"The primary efficacy end point was the overall response in previously treated patients at the end of treatment in the N1-0501-04 study," Locatelli and colleagues pointed out.
Among the group of previously treated patients, 26% had a complete response (CR), 30% had a partial response (PR), and 7% showed an improvement in measures of hemophagocytic lymphohistiocytosis.
Among all 34 patients who received emapalumab, 21% achieved a CR, 32% achieved a PR, and 12% showed an improvement in measures of hemophagocytic lymphohistiocytosis, investigators added.
The median time to response was eight days (95% CI, 7-14 days) in both previously treated patients and in the full cohort (95% CI, 5-10 days).
"During emapalumab treatments, CXCL9 levels rapidly and markedly decreased (median, 30% of the baseline level on day 5)," the authors noted.
Given that low levels of CXCL9 — a chemokine exclusively induced by interferon-γ and thus a measure of interferon-γ neutralization — were associated with treatment response, "these findings provided support for neutralization of interferon-γ as a relevant therapeutic objective in patients with primary hemophagocytic lymphohistiocytosis," researchers asserted.
Most adverse events were mild and were the result of reactivation or worsening of the disorder itself, among other variables. Emapalumab was not associated with myelosuppression, which is typically observed with conventional therapy used for the treatment of this disorder — conventional treatment is usually etoposide plus glucocorticoids plus or minus cyclosporine — Nor did it lead to any organ toxicity, although 10 patients developed severe infections during emapalumab treatment.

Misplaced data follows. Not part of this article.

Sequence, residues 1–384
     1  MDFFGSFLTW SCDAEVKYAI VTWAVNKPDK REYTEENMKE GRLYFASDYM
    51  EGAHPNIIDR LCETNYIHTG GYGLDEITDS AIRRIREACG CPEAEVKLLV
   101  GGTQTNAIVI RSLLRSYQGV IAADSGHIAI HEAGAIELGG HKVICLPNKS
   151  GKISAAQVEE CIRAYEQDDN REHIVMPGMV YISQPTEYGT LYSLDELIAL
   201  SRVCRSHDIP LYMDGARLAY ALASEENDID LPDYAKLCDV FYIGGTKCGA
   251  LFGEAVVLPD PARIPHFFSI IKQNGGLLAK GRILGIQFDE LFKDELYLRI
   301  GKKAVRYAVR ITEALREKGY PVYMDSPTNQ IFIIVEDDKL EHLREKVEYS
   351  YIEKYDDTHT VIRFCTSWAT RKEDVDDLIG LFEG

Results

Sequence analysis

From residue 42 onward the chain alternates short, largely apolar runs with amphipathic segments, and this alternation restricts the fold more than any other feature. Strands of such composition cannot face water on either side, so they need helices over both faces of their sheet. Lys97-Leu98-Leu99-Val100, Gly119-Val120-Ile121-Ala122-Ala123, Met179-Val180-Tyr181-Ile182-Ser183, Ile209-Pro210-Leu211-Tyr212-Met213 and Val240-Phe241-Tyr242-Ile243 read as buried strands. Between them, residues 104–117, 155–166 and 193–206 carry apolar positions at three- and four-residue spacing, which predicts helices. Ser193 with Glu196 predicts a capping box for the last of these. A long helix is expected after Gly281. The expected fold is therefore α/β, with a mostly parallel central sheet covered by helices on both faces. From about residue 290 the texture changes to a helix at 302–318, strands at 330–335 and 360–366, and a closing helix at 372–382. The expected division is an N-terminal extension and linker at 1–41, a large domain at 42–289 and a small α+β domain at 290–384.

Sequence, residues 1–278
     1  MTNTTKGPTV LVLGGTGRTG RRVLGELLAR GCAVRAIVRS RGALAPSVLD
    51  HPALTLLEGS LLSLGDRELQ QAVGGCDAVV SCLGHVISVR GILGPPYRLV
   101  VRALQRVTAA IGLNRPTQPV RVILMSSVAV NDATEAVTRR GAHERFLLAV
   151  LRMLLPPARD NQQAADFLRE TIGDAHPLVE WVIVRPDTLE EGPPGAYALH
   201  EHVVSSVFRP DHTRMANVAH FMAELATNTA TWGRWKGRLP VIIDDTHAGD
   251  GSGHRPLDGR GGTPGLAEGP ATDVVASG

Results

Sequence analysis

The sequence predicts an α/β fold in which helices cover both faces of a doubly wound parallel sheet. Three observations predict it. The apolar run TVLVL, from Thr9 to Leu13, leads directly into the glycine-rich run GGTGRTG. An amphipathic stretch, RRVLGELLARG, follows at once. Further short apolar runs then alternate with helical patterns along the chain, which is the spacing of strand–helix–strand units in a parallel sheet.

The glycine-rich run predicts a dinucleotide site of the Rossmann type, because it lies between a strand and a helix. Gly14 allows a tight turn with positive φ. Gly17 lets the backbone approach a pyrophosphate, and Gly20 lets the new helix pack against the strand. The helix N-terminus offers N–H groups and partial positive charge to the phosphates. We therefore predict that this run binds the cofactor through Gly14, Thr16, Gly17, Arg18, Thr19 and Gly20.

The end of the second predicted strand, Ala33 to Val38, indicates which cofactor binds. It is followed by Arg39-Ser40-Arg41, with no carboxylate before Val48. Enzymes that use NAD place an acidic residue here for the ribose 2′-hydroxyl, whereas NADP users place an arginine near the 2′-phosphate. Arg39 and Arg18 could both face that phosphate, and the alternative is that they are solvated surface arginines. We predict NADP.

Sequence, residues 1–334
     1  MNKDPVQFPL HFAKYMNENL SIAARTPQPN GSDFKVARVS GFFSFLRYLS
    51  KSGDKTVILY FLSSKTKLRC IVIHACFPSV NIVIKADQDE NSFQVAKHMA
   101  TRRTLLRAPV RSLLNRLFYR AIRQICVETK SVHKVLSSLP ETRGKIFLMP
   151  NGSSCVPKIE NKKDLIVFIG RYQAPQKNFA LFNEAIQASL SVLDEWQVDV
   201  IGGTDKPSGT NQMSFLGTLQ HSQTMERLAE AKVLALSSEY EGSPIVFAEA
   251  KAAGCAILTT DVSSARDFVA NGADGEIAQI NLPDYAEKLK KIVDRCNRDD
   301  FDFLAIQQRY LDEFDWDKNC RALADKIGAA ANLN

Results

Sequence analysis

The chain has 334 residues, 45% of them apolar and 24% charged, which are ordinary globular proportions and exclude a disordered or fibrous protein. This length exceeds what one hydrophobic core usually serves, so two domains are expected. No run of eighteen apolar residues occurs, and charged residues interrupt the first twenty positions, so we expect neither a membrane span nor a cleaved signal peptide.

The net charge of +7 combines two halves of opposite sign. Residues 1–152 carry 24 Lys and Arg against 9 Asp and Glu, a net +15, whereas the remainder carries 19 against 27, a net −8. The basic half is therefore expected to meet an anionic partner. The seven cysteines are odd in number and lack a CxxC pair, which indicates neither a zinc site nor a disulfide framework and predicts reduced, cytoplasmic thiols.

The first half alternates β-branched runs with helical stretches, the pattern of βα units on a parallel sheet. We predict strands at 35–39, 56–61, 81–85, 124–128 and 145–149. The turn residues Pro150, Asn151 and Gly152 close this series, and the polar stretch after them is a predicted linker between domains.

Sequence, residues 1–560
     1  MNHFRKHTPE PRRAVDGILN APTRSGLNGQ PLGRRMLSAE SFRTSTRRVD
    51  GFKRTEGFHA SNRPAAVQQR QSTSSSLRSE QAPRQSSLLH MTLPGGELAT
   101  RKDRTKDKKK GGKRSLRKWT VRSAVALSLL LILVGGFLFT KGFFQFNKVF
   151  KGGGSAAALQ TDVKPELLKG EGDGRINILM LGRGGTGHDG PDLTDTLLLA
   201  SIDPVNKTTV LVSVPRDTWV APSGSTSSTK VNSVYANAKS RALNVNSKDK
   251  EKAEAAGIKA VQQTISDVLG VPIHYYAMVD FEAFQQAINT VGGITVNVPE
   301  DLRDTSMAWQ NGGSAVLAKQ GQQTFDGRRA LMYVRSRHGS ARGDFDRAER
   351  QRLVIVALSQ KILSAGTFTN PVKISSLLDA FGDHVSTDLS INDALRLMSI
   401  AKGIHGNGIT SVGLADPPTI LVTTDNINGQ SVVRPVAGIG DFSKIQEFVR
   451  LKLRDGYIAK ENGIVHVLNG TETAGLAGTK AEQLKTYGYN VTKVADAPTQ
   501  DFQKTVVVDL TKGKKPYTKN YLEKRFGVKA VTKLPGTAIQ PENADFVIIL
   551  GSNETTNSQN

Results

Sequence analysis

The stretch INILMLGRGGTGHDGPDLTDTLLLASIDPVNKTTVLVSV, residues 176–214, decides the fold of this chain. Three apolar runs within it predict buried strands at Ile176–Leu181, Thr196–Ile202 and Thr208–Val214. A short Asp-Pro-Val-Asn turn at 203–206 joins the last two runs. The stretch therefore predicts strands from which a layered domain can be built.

As the authors pointed out, patients could be re-enrolled in a long-term follow-up study where they were followed for one year after undergoing allogeneic hematopoietic stem-cell transplantation or for one year after the last dose of emapalumab if they did not undergo transplantation.
Seventy percent of patients in the previously treated group did undergo allogeneic hematopoietic stem-cell transplantation, as did 65% of the emapalumab group overall.
The estimated probability of survival at 12 months was 73.4% (95% CI, 52.2-86.4%) for previously treated patients and 69.3% (95% CI, 66.2-97.5%) for the group overall.
The estimated probability of survival after transplantation at 12 months was 89.5% (95% CI, 64.1-97.3%) among previously treated patients and 90.2% (95% CI, 66.2-97.5%) for all 34 patients who received emapalumab.
Despite this, 10 patients who received emapalumab died, eight prior to transplantation and two after they had undergone the procedure.
Researchers stressed that there were too few patients in the previously untreated group to reach any reasonable conclusion about the use of emapalumab in this particular cohort of patients.
However, they did feel that findings "support… further investigation of emapalumab in patients with secondary forms of hemophagocytic lymphohistiocytosis in whom interferon-γ has been suggested to be pathogenic."
Supported by NovImmune and by a grant from the European Commission through the First Targeted Therapy to Fight Hemophagocytic Lymphohistiocytosis (FIGHT HLH) program.
Locatelli is an unpaid consultant to NovImmune.